It was Bud's last mission. And even though he had passed away some time ago, this was one World War Two operation that would be completed, come Hell or high water. Because that's what Bud faced. Hell and high water! Bud had one task left to complete, and it was as if his old ship was waiting patiently for him to come back home.

Coe Norvelle Applegate, his friends called him "Bud" was a country boy born hundreds of miles from any ocean. His hometown was Hicksville, Ohio, and that's no joke. Bud enlisted in the Navy, and graduated from basic training at the Great Lakes Naval Training Center just in time to be assigned to the launching a new ship, a Yorktown class aircraft carrier. His first duty post was as a signalman aboard The USS Hornet. (His job was called skivvy waver.) CV-8 was the seventh ship honored to carry that historic name. It was just a few months before the Japanese attack on Pearl Harbor. Bud had a great sense of timing his whole life. So much so, the Hornet was away at sea that awful Sunday morning. Some, including me, credit Bud's timing. Draw your own conclusions.

Jimmy Doolittle's famous and daring raid departed from Bud's home on the oceans, the Hornet, and bombed Tokyo. I'm sure Bud felt the heaviness of the moment and cheered with the rest of the crew at the risky take off. It seemed lately the American Navy's morale had been at low ebb, but with the efforts of the determined crews of those B-25's and the men of the Hornet, morale was rebounding upward, big time.

In 1942, at the sea battle of Santa Cruz, The Hornet did not survive, but Bud did! With hundreds of his crewmates, he was ordered to abandon ship, and went into the oil fed, fiery waters. CV-8 went down to Davy Jones' locker. Most of the crew was rescued, and Bud was taken aboard the hospital ship USS Solace for treatment of his wounds and burns. Survivors were taken to Balboa Naval Hospital in San Diego to recover, and live to fight again.

In 1943, when CV-12 the (new) Hornet, an Essex class aircraft carrier was launched, Bud reported aboard to take the fight directly to the Japanese Navy again. His MOS this time was Radioman 2nd class. Despite the fact the new Hornet was damaged heavily again, this time in a 1945 typhoon, CV-12 and Bud survived. This was either Bud's great timing or divine providence.

Transported again to Balboa Naval Hospital, Bud would never again leave America's west coast. He later married the lovely Rita and settled in to raise their daughter, Denise. Bud and Rita became champion rose growers and were pleased to receive countless awards and trophies. There's even an exquisite yellow rose named the "Rita Applegate." It's a magnificent beauty, only surpassed by Rita herself.

At, 79, Bud's health began to fail. He never spoke to his family much about his undying love for the USS Hornet. But, the small tears in his eyes when he thought of his shipmates and beloved Hornet said it all. When he at last fell victim to his war wounds in 2003, Bud was interred with appropriate honors in Fort Rosecrans Naval Cemetery in San Diego. The lovely Rita, who really did not want to stay on this earth without her Bud, was placed at his side with a Marine Honors salute and Taps, a couple of years later.

Bud's last wish (and Rita's) was to rejoin his shipmates aboard CVS-12. There was just one last mission to complete. His only child, Denise, requested permission to come aboard the Hornet and donate Bud's medals, manuals, service pictures, and his Mother's war scrapbook, to its wonderful museum.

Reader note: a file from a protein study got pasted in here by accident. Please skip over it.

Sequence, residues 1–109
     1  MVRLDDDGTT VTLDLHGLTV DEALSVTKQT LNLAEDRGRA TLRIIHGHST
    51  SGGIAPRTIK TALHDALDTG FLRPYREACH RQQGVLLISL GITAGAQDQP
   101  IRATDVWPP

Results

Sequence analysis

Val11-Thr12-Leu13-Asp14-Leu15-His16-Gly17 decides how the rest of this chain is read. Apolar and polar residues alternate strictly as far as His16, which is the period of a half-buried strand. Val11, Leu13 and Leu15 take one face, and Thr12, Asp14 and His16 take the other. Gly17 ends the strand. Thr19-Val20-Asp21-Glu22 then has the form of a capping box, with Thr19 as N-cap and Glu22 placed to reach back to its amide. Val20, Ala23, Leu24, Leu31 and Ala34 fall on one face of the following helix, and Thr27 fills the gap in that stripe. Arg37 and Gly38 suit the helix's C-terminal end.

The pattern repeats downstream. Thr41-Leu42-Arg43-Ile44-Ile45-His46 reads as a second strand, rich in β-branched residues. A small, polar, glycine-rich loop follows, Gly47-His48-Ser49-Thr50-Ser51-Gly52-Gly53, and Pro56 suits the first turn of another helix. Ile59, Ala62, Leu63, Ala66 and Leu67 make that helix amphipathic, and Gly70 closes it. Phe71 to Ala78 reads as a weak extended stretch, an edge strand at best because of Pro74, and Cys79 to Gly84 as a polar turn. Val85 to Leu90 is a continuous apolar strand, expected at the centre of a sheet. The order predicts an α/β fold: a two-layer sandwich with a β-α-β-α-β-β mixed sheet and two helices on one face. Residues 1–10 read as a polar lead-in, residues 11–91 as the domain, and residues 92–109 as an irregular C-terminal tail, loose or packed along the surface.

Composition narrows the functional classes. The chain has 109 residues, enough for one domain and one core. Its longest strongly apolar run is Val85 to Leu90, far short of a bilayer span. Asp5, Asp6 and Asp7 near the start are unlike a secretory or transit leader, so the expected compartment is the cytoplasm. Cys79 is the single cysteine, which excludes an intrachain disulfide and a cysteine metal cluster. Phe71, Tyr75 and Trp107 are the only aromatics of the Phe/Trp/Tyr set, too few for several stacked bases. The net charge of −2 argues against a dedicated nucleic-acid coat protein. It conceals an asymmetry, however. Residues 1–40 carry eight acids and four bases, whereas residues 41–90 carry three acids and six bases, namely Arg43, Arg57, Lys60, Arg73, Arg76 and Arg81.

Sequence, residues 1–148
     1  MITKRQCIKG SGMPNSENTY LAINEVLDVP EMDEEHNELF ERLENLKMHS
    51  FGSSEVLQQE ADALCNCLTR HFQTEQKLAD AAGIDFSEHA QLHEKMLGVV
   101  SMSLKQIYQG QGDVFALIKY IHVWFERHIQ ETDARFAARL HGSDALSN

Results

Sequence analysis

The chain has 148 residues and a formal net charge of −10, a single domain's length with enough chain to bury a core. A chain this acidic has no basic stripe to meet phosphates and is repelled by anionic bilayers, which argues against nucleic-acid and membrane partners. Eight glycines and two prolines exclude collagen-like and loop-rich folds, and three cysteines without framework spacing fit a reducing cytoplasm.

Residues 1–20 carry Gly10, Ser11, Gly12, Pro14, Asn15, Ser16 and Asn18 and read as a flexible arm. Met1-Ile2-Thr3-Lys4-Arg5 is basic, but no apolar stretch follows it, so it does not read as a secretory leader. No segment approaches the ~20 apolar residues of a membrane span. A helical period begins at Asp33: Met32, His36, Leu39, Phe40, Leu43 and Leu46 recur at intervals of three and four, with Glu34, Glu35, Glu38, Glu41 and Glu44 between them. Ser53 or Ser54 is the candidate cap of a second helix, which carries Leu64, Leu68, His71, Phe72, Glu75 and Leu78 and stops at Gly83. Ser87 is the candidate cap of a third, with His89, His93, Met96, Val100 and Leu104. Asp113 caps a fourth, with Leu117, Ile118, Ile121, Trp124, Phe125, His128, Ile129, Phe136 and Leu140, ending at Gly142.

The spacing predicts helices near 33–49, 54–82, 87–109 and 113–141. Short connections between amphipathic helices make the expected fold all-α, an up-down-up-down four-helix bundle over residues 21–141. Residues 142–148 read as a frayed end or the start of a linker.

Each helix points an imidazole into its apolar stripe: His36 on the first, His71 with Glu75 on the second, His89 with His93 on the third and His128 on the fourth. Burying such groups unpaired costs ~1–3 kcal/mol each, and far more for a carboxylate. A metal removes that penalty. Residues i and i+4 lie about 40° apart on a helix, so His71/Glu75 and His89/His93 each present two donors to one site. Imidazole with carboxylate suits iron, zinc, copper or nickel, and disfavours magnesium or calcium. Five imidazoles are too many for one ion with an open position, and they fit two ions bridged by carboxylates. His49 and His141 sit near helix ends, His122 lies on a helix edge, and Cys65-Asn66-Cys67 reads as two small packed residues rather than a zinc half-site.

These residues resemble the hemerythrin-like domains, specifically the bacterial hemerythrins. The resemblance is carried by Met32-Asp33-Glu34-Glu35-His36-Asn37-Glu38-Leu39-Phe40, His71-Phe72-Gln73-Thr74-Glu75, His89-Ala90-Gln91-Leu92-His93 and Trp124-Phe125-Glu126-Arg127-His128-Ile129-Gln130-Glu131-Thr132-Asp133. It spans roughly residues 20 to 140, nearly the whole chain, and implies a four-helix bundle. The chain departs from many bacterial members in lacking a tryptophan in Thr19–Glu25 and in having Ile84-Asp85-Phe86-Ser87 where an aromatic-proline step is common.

The USS Hornet's last heroes are the volunteer and historical staff of this incredible floating memorial. The Hornet is dockside at Alameda Harbor, near San Francisco. These volunteers and that historical staff work constantly to refit CVS-12 as it might have been in World War Two. One of these heroes is Keith Hedley, a retired Navy man himself. Mr. Hedley happily welcomed Bud and Denise aboard. He personally toured Denise to all of Bud's assigned wartime posts. I present the photo of Bud and Denise in the main radio room. May America's children never forget the heroes from The Hornet, both past and present. Their sacrifices should always be remembered!

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I know it sounds crazy but Bud spoke to me before his daughter disembarked the Hornet. Bud simply said: "Thanks! Take care of Denise!" It wasn't a lot, but it said everything necessary. Like many of our servicemen, Bud wouldn't talk much about World War Two. But he did want to be aboard the Hornet one more time. "Mission Accomplished!" is probably the highest praise that can be given by those who served and saved America in the time of its greatest need. Denise is pleased, I'm pleased, and it appears as if Bud was happy. God rest his soul! God rest the souls of all who served.

My personal heroes include Superman, JFK, and Hank Aaron. I'm now proud to include one Keith Hedley, US Navy Ret. and Director of Membership and Donations at the Hornet CVS-12 Museum. With his expertise, compassion, and love, Bud's last mission is finally finished. I'll never forget you Keith, or The Hornet. Neither will Denise and Rita.

2nd Class Petty Officer, Radioman Coe Norvelle "Bud" Applegate, may you and Rita rest in peace with your beloved crewmates and ship. I pray all Americans will never, ever forget your sacrifices in the line of duty.

Visit the USS Hornet Museum and Memorial in Alameda, CA.
Bud and Keith will be happy to welcome you aboard!